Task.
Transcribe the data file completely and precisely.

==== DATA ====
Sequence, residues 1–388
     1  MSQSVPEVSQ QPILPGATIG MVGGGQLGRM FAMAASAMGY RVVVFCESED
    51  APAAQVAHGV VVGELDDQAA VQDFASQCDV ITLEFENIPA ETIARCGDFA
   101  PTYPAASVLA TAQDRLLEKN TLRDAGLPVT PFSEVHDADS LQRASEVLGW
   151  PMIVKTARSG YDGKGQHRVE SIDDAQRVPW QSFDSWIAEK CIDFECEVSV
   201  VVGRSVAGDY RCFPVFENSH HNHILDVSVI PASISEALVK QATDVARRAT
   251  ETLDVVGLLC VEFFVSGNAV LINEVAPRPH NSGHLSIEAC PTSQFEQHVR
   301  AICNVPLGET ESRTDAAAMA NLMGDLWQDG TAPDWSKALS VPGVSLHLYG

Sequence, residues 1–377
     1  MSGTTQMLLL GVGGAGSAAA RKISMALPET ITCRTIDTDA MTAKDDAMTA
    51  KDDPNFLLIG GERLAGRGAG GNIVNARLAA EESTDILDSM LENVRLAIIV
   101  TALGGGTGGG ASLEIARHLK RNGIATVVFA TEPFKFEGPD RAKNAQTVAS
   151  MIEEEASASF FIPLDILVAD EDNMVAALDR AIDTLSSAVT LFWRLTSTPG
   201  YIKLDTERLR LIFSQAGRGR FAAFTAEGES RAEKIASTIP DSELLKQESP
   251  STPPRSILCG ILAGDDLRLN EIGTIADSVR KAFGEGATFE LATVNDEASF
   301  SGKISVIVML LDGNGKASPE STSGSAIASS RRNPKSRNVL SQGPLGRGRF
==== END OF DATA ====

Sequence, residues 1–388
     1  MSQSVPEVSQ QPILPGATIG MVGGGQLGRM FAMAASAMGY RVVVFCESED
    51  APAAQVAHGV VVGELDDQAA VQDFASQCDV ITLEFENIPA ETIARCGDFA
   101  PTYPAASVLA TAQDRLLEKN TLRDAGLPVT PFSEVHDADS LQRASEVLGW
   151  PMIVKTARSG YDGKGQHRVE SIDDAQRVPW QSFDSWIAEK CIDFECEVSV
   201  VVGRSVAGDY RCFPVFENSH HNHILDVSVI PASISEALVK QATDVARRAT
   251  ETLDVVGLLC VEFFVSGNAV LINEVAPRPH NSGHLSIEAC PTSQFEQHVR
   301  AICNVPLGET ESRTDAAAMA NLMGDLWQDG TAPDWSKALS VPGVSLHLYG

Sequence, residues 1–377
     1  MSGTTQMLLL GVGGAGSAAA RKISMALPET ITCRTIDTDA MTAKDDAMTA
    51  KDDPNFLLIG GERLAGRGAG GNIVNARLAA EESTDILDSM LENVRLAIIV
   101  TALGGGTGGG ASLEIARHLK RNGIATVVFA TEPFKFEGPD RAKNAQTVAS
   151  MIEEEASASF FIPLDILVAD EDNMVAALDR AIDTLSSAVT LFWRLTSTPG
   201  YIKLDTERLR LIFSQAGRGR FAAFTAEGES RAEKIASTIP DSELLKQESP
   251  STPPRSILCG ILAGDDLRLN EIGTIADSVR KAFGEGATFE LATVNDEASF
   301  SGKISVIVML LDGNGKASPE STSGSAIASS RRNPKSRNVL SQGPLGRGRF